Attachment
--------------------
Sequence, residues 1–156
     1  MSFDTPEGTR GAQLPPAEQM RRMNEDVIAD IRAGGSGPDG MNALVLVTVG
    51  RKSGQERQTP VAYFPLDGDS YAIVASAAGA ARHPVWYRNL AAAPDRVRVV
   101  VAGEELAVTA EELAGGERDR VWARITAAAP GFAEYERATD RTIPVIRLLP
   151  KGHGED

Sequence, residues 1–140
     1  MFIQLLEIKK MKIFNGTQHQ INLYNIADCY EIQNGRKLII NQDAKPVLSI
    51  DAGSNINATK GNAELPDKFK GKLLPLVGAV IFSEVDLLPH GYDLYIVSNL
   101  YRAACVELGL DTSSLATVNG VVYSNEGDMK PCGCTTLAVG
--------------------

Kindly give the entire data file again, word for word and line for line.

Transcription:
Sequence, residues 1–156
     1  MSFDTPEGTR GAQLPPAEQM RRMNEDVIAD IRAGGSGPDG MNALVLVTVG
    51  RKSGQERQTP VAYFPLDGDS YAIVASAAGA ARHPVWYRNL AAAPDRVRVV
   101  VAGEELAVTA EELAGGERDR VWARITAAAP GFAEYERATD RTIPVIRLLP
   151  KGHGED

Sequence, residues 1–140
     1  MFIQLLEIKK MKIFNGTQHQ INLYNIADCY EIQNGRKLII NQDAKPVLSI
    51  DAGSNINATK GNAELPDKFK GKLLPLVGAV IFSEVDLLPH GYDLYIVSNL
   101  YRAACVELGL DTSSLATVNG VVYSNEGDMK PCGCTTLAVG